The high court ruled against a petition by New Energy Economy, a clean-energy advocacy group, that sought to remove four of the elected commissioners from the San Juan case for alleged bias in favor of the state’s largest utility company. The group alleged that some commissioners have engaged in improper “ex parte” communications with PNM during the course of the San Juan case and that some had made public statements that New Energy claimed were evidence the commissioners had already made up their minds in favor of PNM.
While the court ruled against New Energy, Chief Justice Barbara Vigil seemed to admonish the commissioners when, immediately before announcing the decision, she quoted from a 1999 opinion by a former justice, the late Pamela Minzner, in a case concerning the former state Corporations Commission, a predecessor of the current regulatory commission.
“Comments by a commissioner which constitute prejudgment may constitutionally taint any subsequent hearing so as to invalidate the ensuing order of the commission,” Minzner wrote.
If the San Juan case ends up back in the court system on appeal, Vigil said, the commission will face “heightened scrutiny” over actions taken regarding the aging power plant. Vigil said the justices found that “issues raised in the petition are important concerns.”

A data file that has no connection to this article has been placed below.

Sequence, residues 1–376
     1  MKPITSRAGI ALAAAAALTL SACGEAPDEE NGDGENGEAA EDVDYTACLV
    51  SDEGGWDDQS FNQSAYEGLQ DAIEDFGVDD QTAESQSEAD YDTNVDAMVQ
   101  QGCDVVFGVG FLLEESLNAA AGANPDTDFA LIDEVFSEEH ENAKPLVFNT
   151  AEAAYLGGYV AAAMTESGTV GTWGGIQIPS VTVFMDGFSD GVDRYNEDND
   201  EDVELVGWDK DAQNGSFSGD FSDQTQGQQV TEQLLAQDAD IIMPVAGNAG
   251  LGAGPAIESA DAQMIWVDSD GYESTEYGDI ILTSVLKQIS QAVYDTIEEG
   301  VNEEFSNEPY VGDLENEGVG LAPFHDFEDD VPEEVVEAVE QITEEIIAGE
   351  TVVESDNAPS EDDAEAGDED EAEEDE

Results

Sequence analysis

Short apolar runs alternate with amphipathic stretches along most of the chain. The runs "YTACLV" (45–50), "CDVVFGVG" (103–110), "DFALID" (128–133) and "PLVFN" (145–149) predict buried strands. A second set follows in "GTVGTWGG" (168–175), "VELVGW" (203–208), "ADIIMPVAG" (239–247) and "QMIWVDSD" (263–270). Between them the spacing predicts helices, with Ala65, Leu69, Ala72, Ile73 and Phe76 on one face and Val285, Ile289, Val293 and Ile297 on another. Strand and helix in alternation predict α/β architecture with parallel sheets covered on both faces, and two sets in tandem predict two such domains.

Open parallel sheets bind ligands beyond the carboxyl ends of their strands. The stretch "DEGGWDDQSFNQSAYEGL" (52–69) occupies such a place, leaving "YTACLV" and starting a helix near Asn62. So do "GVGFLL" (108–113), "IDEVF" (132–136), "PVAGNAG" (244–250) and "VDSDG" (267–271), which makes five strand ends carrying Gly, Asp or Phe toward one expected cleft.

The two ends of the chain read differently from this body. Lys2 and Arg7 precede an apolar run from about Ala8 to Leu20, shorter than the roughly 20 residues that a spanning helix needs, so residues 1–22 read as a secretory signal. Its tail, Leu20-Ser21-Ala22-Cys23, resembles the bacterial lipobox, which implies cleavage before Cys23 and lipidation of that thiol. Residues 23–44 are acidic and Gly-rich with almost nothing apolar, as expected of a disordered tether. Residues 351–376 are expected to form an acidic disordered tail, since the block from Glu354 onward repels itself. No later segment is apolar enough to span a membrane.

Help Us Raise $50,000 by November 26th
Posted: Saturday, October 31, 2015 7:00 pm
New Mexico has an immediate opportunity to promote public health, preserve the state’s natural resources and achieve significant economic development and environmental benefits.
The Public Regulation Commission can take a significant step toward realizing those goals by requiring Public Service Company of New Mexico to move rapidly toward greater reliance on renewable energy sources. I support the position of New Energy Economy that the current proposal for New Mexico’s energy future being considered by the PRC does not go far enough or fast enough